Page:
Ok—so the George Himes Trail to SW Iowa Street may be one of the coolest things I’ve seen in Portland. This area that one would expect to be a dumping ground instead has this beautiful, well-taken care of trail and beautiful stairs under an old-style bridge. Truly an unexpected gem and wonder of the neighborhood.
The trail started looking more commercial and industrial near the Seymour stairs—an unlikely, slightly sketchy, path in the bushes that leads to Corbett over I-5. From there, we climbed the OSHU hill again (and yet again, I found that my route had made some mistakes that had me hitting stairs I had already completed on Day 3). Terwillger Blvd was beautiful but the highlight was dashing into the trees on the Marquam Trail and getting spit out by the KMHD-FM radio station. What I love about being an urban hiker in Portland is seeing all the radio towers from the east side and then climbing up to those radio towers a few days later. They look so impossibly far away and high up on the hill when viewed from the east. It makes their climb (though an easy one) feel like a big accomplishment.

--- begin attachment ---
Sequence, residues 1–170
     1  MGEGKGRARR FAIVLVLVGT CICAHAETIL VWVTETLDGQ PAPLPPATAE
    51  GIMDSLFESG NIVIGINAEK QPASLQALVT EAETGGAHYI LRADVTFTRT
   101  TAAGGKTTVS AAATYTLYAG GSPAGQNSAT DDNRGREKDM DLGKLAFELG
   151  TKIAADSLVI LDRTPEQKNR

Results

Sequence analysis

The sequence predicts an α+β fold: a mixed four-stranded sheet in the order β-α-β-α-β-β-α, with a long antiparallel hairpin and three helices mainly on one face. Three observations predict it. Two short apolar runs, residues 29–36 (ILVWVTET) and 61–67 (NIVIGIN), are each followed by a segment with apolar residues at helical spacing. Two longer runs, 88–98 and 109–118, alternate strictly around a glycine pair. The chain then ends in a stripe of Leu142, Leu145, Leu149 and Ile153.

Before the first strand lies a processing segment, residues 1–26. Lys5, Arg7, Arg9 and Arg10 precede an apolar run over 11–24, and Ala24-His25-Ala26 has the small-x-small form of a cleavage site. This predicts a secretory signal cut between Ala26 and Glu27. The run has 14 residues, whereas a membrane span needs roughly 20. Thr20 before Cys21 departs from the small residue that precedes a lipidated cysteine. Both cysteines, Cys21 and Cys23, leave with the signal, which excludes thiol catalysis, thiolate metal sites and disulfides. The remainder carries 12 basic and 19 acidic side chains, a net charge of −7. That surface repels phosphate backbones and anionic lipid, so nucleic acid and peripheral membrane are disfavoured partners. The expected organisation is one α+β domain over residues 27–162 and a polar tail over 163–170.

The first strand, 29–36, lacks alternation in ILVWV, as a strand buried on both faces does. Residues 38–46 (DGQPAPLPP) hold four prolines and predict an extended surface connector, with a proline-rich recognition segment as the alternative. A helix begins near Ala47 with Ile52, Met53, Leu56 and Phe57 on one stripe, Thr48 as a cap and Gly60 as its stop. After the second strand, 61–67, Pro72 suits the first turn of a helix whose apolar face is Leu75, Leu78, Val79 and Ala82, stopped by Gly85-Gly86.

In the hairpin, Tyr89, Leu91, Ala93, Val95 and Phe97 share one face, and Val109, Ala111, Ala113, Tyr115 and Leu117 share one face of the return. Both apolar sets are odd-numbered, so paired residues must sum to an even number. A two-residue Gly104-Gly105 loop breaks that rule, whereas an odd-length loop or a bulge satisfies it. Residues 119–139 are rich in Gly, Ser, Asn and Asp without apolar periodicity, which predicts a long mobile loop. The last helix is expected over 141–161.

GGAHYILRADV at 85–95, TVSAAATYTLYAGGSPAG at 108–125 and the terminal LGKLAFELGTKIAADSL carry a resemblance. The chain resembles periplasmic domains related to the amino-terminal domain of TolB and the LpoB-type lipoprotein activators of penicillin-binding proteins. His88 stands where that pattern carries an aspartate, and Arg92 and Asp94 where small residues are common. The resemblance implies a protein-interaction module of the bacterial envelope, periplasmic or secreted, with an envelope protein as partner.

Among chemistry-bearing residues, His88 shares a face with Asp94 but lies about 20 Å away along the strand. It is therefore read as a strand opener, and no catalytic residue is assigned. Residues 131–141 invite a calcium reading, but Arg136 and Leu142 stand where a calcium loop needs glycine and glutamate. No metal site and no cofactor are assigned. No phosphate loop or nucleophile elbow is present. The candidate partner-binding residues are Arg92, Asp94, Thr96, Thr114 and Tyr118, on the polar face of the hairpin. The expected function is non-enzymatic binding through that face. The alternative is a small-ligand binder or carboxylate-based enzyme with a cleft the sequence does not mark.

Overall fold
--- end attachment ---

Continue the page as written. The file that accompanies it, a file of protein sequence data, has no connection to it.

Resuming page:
This neighborhood was just rad and the best part of it all was SW 18th Ave Drive. It’s this hidden road inaccessible to through traffic and fairly steep and narrow without any turnarounds. This makes it a perfect forest path for the urban hiker. The houses on this hill are each a tree-house mansion. They’re a church of the forest. They’re a retreat center in the middle of a city. Each one would be a hippie billionaire’s dream.